Sunday, May 5, 2013

Misunderstanding Keynes, Famous Economist Edition

John Maynard Keynes
This is also another edition of Ferguson v. KrugTron, albeit indirect in two ways. First, the most recent clash was not a case of either Niall Ferguson or Paul Krugman (KrugTron's human form) attacking each other, and, second, John Maynard Keynes was again the foil, or in Ferguson's case the petard upon which he hoisted himself.

The linchpin is Keynes' famous quote, "In the long run we are all dead," which on the face of it is witty in and of itself. I've always taken it to mean that at some point long-range planning has to include the eventuality that in the long run, WE ARE ALL DEAD, which, hopefully, would lead at least some of us to engage in short- to medium-term actions.

Niall Ferguson
That's only if you take the quote out of context and simply make a stab at what Keynes was trying to say. Niall Ferguson went further, and that's where he got into some trouble. Daniel Politi in Slate:
Ferguson was speaking at an investment conference in California on Thursday when he was asked about Keynes' famous observation that “in the long run we are all dead.” Ferguson disagrees with that idea because “in the long run our children, grandchildren and great-grandchildren are alive, and will have to deal with the consequences of our economic actions,” he said in his statement. But during the presentation, he went further.
Financial Advisor’s Tom Kostigen paraphrased Ferguson’s reply at the conference:
Ferguson asked the audience how many children Keynes had.  He explained that Keynes had none because he was a homosexual and was married to a ballerina, with whom he likely talked of "poetry" rather than procreated. The audience went quiet at the remark. Some attendees later said they found the remarks offensive.
Ferguson then went on to say that “it's only logical that Keynes would take this selfish world view because he was an ‘effete’ member of society,” according to Kostigen’s account.
Paul Krugman
Enter Paul Krugman, who flagged Ferguson's gaffe in his blog post, "The Gods Themselves Contend in Vain." Look to the "Please tell me this report is false" link for the news of Ferguson's off-putting remarks. Then Krugman links to Ferguson's almost immediate, unqualified apology.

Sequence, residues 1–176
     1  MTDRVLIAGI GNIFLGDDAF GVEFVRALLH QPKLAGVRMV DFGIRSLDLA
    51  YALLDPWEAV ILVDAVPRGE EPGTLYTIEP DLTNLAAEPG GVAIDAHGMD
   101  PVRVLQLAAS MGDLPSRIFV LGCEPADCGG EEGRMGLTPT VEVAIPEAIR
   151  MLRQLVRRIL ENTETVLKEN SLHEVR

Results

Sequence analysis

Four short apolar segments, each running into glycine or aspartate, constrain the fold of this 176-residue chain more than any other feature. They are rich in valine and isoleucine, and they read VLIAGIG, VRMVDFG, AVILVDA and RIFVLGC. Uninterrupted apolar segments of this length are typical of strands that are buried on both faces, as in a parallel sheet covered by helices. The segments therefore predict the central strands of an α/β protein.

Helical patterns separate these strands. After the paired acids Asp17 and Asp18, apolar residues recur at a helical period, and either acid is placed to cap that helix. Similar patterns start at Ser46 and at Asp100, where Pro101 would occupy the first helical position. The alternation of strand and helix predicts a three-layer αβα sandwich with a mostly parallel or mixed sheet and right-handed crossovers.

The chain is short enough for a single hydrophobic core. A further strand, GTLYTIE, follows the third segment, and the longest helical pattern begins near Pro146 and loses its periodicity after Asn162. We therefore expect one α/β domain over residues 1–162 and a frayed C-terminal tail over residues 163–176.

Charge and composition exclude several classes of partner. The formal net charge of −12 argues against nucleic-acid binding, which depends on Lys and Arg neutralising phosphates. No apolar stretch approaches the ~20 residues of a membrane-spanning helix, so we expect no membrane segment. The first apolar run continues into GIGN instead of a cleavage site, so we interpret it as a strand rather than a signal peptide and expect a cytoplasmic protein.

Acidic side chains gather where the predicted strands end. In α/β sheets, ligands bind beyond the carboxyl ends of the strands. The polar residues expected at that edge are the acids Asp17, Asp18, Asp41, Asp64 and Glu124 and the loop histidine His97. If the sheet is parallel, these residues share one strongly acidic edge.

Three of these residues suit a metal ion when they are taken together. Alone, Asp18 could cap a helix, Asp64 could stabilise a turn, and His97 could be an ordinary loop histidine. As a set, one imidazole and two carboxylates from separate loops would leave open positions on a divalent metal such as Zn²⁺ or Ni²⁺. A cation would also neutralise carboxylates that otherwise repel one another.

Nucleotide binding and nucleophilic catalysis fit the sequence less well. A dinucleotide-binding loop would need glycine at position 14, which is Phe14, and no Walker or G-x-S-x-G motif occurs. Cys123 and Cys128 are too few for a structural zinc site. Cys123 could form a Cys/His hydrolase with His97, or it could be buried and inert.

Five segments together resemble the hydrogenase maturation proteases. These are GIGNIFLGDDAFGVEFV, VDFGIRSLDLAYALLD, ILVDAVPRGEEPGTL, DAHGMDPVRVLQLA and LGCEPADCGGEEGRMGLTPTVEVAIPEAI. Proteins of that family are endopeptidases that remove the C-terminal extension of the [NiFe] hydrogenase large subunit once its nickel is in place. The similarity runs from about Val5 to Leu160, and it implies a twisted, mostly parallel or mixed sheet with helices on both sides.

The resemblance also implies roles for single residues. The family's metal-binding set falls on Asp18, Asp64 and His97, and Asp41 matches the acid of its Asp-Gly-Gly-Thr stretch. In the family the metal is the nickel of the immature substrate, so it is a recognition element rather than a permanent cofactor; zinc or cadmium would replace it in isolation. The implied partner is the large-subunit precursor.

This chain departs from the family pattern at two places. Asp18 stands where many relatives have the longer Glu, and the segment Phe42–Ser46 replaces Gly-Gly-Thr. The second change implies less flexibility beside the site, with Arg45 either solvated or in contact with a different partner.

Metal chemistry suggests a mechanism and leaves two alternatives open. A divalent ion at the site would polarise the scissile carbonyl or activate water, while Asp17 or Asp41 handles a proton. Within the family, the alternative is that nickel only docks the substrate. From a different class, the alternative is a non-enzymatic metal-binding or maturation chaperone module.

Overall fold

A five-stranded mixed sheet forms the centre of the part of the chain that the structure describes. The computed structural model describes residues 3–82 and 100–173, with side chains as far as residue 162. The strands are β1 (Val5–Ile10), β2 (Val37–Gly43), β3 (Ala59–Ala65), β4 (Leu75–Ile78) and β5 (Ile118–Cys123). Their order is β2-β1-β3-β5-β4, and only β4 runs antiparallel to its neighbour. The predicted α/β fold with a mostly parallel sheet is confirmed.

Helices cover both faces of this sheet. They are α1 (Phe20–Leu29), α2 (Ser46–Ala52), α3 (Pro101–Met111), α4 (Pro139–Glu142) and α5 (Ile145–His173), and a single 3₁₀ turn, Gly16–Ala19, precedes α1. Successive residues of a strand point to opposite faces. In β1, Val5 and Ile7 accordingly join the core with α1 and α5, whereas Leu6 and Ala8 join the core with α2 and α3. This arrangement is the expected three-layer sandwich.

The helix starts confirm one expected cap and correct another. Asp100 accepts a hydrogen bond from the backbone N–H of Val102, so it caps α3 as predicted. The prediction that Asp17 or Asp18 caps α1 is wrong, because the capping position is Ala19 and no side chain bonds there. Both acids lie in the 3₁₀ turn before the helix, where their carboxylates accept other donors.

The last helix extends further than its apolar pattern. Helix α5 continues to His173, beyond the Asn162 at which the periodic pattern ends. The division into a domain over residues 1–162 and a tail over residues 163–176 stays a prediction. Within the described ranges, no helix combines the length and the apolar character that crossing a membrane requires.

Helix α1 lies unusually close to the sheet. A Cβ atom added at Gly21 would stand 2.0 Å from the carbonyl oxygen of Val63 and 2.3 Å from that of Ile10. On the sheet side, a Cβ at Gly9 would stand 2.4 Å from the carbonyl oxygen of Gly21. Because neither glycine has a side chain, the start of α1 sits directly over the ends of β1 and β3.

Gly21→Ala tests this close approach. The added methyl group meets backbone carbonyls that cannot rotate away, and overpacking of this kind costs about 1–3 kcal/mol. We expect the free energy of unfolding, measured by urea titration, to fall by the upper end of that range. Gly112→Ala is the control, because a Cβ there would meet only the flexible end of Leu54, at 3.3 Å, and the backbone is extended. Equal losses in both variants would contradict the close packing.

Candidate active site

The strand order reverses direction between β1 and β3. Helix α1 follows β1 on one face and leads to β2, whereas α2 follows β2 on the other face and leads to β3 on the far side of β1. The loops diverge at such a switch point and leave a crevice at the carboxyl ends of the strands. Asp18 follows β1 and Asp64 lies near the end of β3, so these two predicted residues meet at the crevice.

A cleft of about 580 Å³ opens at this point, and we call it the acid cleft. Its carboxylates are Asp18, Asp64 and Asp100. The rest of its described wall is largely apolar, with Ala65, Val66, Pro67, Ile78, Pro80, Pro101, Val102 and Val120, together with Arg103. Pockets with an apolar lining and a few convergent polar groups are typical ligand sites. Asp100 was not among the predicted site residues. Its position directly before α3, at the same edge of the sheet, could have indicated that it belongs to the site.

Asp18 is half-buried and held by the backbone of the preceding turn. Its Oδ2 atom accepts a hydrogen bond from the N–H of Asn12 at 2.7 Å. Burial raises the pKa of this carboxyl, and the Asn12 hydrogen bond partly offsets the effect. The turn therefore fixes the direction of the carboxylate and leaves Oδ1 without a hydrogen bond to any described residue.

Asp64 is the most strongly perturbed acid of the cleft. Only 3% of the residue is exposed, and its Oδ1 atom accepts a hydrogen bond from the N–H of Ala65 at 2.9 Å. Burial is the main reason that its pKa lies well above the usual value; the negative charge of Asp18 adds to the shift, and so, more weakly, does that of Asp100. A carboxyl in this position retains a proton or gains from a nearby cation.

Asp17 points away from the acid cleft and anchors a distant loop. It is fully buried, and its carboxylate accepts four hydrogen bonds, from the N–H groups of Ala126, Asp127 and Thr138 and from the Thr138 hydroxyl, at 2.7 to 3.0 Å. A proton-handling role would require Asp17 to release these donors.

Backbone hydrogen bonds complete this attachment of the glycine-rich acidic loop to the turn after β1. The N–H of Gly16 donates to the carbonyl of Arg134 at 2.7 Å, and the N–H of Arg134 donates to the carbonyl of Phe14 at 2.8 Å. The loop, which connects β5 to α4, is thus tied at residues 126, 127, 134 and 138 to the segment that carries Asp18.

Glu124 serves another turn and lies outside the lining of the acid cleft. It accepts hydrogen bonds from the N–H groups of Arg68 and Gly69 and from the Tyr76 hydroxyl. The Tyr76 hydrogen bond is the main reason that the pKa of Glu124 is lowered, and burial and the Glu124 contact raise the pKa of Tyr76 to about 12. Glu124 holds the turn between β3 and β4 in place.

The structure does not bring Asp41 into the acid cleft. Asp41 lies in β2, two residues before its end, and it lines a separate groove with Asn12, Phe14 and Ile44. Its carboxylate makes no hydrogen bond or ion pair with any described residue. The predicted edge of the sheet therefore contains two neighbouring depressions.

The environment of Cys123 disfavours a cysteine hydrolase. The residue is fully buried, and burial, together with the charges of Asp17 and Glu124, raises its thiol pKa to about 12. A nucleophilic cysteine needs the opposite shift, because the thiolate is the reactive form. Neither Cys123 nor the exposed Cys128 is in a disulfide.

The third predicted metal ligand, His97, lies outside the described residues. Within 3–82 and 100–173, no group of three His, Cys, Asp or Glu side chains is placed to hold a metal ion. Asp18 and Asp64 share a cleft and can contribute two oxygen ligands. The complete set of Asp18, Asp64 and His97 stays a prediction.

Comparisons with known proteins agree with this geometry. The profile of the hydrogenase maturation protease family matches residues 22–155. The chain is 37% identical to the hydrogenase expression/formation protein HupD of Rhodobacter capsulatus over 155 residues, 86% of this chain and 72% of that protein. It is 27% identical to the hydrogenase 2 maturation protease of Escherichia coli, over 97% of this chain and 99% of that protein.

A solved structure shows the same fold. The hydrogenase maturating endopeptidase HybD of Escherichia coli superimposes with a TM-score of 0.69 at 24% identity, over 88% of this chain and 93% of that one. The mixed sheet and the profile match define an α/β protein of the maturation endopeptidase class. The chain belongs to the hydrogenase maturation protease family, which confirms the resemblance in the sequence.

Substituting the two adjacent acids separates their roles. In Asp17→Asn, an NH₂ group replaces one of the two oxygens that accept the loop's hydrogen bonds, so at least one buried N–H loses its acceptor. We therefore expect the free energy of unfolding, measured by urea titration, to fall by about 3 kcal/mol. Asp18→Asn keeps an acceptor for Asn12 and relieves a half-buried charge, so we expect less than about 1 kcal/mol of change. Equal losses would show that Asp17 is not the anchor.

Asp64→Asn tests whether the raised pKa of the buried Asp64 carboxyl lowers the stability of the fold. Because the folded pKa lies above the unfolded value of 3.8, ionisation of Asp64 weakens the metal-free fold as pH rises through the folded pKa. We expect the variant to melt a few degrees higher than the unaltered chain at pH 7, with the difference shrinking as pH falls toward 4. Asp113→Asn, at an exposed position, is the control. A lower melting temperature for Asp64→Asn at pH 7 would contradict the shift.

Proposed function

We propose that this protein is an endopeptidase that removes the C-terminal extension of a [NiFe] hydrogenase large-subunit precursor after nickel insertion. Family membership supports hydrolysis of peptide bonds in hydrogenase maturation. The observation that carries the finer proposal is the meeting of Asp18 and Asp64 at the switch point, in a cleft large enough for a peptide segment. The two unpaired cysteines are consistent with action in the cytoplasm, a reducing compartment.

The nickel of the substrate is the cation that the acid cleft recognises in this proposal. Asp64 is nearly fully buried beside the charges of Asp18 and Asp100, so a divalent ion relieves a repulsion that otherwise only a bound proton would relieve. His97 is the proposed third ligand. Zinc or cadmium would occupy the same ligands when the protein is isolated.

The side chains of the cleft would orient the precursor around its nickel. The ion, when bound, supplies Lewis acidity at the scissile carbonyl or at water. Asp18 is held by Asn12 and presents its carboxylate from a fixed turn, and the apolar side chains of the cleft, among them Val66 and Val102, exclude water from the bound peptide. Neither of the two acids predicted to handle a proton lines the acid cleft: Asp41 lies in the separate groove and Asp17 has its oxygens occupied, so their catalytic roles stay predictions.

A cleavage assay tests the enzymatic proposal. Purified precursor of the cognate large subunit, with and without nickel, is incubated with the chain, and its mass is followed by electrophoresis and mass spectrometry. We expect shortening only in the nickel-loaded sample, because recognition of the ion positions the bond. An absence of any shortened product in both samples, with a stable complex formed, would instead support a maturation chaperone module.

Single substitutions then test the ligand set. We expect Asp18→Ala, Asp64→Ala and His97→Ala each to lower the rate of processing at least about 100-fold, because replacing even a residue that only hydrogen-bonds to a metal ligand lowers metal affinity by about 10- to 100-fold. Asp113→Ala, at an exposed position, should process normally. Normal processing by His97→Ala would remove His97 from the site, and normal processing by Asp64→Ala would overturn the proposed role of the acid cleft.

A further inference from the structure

Krugman, being the teacher that he is, the next day took the opportunity to remind people that the full text of the famous Keynes quote shows that he meant to make a completely different point. First, the quote in context:
But this long run is a misleading guide to current affairs. In the long run we are all dead. Economists set themselves too easy, too useless a task if in tempestuous seasons they can only tell us that when the storm is long past the ocean is flat again.
Keynes was chiding his own profession to actually say something, build a model that calls for solving current problems and not simply slip away by saying "tax cuts will trickle down and save us all" or "fiscal consolidation will eventually solve all our growth problems." Sez the professor:
As I’ve written before, Keynes’s point here is that economic models are incomplete, suspect, and not much use if they can’t explain what happens year to year, but can only tell you where things will supposedly end up after a lot of time has passed. It’s an appeal for better analysis, not for ignoring the future; and anyone who tries to make it into some kind of moral indictment of Keynesian thought has forfeited any right to be taken seriously.
[...] And look, this isn’t hard. The overwhelming fact about our current situation is that conventional monetary policy is played out, with short-run interest rates at zero. This means that there is no easy way to offset the contractionary effects of fiscal austerity (maybe there are exotic ways to do something, but they’re tricky and unproved). And this in turn means that austerity right now is a terrible idea: any fiscal savings come at the expense of reduced output and higher unemployment. Indeed, even the fiscal savings are likely to be small and maybe even nonexistent: lower output and employment reduces revenues, and may inflict long-run economic damage that actually worsens the long-run fiscal position.
I'm not an economist or a mathematician, but it's not hard for me to see that cutting spending in a recession reduces government revenues because my spending is your income and vice versa, as Krugman often points out. If my spending goes down, your income goes down, and GDP suffers, tax receipts shrink, etc.

On the other hand, I see how spending of any kind during a downturn, whether private or not, drives up GDP and tax receipts, etc. Now, I can also see how, without gargantuan multipliers debt will grow long-term and eventually surpass the added tax receipts. Government spending is often efficient but not that efficient.

The point, in the end, is that the fiscal hawks want to stop spending now, now, now and thus inflict pain now, now, now. Yet, if we spend now -- on infrastructure, education, research, yada yada yada -- the pain is softened. We are left, of course, to find long-term ways of paying down the increased debt, and we have an obligation to do so before we are all dead.

I think that's at least an approximation of Keynes, and I believe in it. It suits me better than, say, kicking the poor and elderly early and often because oh my god Greece!

KrugTron the Magnificent: Right once again.

No comments:

Post a Comment